Good Children Gallery
4037 St. Claude Avenue
December 11, 2010—January 2, 2011

The psychological impact of how art is presented is a notion not fully probed in New Orleans. The city is abundant—and ever growing—in galleries, yet much of the work that conforms to canvas or a frame is neatly hung in tidy, white-walled spaces. Artist Maximilian Toth’s Prospect 1.5 show at Good Children Gallery challenged the white-wall paradigm by filling the area surrounding his drawings and paintings with larger-than-life characters and scenes pulled from his storybook narratives of adolescents run amok. Was the artist extending his paintings onto the gallery walls, or were the walls serving as essential backdrops for unpacking Toth’s investigations of contemporary youth culture? In either case, by taking on the restrictions of the canvas and allowing the action to spill from the frame to the wall and back, Toth’s bold presentation gave ample credence to the subject of his work: the aggression of the suburban American male. Cow-tipping, arm-wrestling, and roman candle battles are a few of his characters’ preoccupations depicted through contrasting line drawings on either slate black or white backgrounds with sparse pops of color.

Born in New Orleans but raised around the suburbs of Concord, Massachusetts, Toth calls on his own biography for his “blackboard illustrations” representing the post-school excursions of boys who have spent their days strapped into school chairs. Freed from classrooms, they now pile over fences and squeeze into shopping carts. Agitation, anxiety, and bravado are summoned and moments are frozen with undiluted momentum. A mighty force of boyhood energy is unleashed and visitors are provided with a near-cinematic experience where action is given no resting place between frames.

—Adam Falik

Natalie McLaurin, Installation of They go all the way up at Madame John's Legacy, New Orleans, 2010. Photo by Jonathan Traviesa.

“Fresh Off the Turnip Truck”
Madame John’s Legacy
632 Dumaine Street
November 6, 2010—January 20, 2011

The Louisiana State Museum describes Madame John’s Legacy, a survivor of the 1795 New Orleans fire, as “the kind of home that prospering colonists built after progressing from their first rude cabin dwellings.” Coupled with the show title, “Fresh Off the Turnip Truck,” one might have expected a less-than-polished exhibition; instead the venue and its artists—all “recent” transplants to New Orleans—together provided a distilled example of the steadfastness that currently characterizes life in the city, embodying the need to persist—intellectually and creatively—come what may.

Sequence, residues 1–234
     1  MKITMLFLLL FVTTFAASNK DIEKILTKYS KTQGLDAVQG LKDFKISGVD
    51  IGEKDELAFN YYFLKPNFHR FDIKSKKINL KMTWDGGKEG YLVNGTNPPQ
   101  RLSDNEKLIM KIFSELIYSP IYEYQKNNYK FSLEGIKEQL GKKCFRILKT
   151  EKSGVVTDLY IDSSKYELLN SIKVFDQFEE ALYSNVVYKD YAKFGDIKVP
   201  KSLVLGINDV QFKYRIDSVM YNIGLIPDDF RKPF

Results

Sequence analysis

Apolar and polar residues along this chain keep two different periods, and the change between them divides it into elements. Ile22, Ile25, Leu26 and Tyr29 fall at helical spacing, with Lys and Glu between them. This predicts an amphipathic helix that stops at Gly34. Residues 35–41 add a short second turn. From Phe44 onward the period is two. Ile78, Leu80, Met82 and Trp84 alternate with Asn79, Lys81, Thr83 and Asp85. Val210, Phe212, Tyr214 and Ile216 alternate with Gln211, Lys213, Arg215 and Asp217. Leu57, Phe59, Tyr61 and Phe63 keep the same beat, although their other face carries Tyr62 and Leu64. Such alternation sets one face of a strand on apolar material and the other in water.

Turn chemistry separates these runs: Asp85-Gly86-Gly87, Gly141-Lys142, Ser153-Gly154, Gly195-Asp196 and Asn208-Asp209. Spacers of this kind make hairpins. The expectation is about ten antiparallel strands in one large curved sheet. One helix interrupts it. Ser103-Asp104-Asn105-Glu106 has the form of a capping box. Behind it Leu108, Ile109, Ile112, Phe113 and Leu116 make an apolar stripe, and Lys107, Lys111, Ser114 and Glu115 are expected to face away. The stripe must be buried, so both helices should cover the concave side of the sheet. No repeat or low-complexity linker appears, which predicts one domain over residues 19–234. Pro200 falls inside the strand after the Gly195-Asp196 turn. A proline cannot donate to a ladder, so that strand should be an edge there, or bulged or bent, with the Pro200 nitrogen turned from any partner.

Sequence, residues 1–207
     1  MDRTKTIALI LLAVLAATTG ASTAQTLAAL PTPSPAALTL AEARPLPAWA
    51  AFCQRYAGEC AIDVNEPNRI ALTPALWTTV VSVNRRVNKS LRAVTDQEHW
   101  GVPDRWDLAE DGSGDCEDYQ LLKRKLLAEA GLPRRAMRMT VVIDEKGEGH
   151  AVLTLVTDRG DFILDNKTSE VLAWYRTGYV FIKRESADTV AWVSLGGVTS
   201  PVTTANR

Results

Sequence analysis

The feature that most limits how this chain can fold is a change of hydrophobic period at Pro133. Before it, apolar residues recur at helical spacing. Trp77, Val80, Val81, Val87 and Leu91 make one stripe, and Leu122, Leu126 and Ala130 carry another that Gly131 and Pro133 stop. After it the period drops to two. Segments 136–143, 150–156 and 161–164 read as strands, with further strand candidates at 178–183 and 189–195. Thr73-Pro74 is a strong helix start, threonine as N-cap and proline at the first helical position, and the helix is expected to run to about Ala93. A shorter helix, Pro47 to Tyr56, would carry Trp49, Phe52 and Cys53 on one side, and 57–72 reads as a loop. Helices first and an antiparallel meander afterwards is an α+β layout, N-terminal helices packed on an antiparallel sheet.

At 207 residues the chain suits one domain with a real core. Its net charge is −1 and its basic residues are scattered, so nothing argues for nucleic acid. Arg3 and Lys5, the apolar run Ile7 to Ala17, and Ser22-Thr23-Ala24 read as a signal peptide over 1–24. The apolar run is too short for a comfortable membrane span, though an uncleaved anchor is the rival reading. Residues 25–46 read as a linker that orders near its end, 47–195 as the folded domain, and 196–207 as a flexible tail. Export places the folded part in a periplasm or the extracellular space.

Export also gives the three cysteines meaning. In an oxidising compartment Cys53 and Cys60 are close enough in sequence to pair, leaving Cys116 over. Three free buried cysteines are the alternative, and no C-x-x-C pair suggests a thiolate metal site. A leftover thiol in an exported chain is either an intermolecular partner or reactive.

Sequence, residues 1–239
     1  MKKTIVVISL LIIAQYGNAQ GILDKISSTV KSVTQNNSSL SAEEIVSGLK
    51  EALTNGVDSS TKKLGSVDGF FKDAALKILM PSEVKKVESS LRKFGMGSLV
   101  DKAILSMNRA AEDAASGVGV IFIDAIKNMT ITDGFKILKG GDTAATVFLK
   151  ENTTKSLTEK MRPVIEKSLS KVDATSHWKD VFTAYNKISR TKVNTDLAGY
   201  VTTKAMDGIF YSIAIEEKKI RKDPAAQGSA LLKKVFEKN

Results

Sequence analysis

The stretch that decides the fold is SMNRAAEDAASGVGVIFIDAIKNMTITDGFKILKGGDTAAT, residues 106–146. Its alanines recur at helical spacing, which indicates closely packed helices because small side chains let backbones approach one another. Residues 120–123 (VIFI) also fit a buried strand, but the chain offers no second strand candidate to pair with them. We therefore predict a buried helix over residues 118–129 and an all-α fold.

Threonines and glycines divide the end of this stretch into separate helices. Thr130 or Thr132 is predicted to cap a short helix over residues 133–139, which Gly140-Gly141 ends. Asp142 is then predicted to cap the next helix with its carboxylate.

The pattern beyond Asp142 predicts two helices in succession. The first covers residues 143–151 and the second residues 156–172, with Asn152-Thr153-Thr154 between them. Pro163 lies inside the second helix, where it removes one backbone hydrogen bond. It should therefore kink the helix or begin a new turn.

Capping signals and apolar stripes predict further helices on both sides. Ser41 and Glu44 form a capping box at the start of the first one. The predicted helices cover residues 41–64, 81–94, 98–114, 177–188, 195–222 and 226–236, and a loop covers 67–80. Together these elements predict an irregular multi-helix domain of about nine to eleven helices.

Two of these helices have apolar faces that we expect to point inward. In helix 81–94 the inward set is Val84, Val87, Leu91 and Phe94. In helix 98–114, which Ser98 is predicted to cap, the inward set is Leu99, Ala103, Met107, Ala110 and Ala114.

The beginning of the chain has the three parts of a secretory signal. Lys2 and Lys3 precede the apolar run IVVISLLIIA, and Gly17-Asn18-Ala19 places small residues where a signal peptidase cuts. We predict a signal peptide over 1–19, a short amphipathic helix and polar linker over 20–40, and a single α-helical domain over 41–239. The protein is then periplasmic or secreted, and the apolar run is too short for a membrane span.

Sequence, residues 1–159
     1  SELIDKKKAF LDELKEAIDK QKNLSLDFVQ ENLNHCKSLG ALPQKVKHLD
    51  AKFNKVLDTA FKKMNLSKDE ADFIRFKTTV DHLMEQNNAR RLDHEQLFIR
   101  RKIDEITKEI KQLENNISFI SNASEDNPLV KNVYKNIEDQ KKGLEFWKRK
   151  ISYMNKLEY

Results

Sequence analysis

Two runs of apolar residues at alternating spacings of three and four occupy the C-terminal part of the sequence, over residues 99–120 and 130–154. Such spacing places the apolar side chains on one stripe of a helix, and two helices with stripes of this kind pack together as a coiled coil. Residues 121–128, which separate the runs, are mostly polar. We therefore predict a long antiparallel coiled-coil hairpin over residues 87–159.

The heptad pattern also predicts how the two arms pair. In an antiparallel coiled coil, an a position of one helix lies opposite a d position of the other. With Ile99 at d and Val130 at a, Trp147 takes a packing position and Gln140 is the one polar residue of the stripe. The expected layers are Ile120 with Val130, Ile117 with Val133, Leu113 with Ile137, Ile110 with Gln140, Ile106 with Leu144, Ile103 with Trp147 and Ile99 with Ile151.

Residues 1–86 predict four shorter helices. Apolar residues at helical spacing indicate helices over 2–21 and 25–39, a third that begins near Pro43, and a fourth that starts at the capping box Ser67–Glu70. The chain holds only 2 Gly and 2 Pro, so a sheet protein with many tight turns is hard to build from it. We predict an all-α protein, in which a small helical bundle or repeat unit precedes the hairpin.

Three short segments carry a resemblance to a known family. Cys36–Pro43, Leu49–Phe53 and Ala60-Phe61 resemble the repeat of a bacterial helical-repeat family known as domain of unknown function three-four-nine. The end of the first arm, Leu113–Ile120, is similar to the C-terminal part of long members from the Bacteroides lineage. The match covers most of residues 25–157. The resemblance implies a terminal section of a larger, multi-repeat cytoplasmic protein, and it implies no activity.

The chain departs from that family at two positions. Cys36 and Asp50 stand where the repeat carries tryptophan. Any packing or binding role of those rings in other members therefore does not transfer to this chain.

Upstairs, collages by Chicago native Michael Pajon suggested the accumulation of disparate yet fantastically related parts that provided an apt geographical metaphor for the rhizomatic nature of New Orleans and a fitting introduction to the visual diversity of the exhibition when viewed alongside semi-autobiographical paintings by Matthew Kirscht in the adjoining room. Born in Glendora, New Jersey, Kirscht uses the iconography of childhood to heartbreaking effect; in Stuck, 2009, a furry teddy bear keens in a corner over the peppermints and lollipops embedded in his fur. Similarly terrifying and endearing, an installation by Knoxville native Natalie McLaurin evoked a strange and bittersweet nostalgia. Cast legs wearing readymade jeans emerged from a cape knit to resemble bluebird wings, which only loosely concealed the figure’s lack of torso, arms, and head, suggesting the haunting inconsistencies of traumatic memories, such as those related to the life-altering events surrounding Hurricane Katrina. In contrast, Jessica Bizer and Adrian Price used glamour, color, and neon to achieve a kind of Pop sensibility in their respective paintings and installation, imparting their work with a sense of decadence that remains at home in New Orleans despite its struggles. The building’s ground level housed videos by Dave Greber and Ryan Watkins-Hughes, which explored local themes ranging from the tarot readers in Jackson Square to the Deepwater Horizon oil spill. In all, “Fresh Off the Turnip Truck” could be viewed as a partial survey of contemporary life in the city. As more and more newcomers arrive, the debate surrounding terms like “local” becomes more heated. Residing here for periods ranging from months to years, the degree to which these artists might be defined as local seems somewhat irrelevant. Like the turnips suggested in the title, the pieces are nonetheless rooted in individual experiences of the city.

—Kathy Rodriguez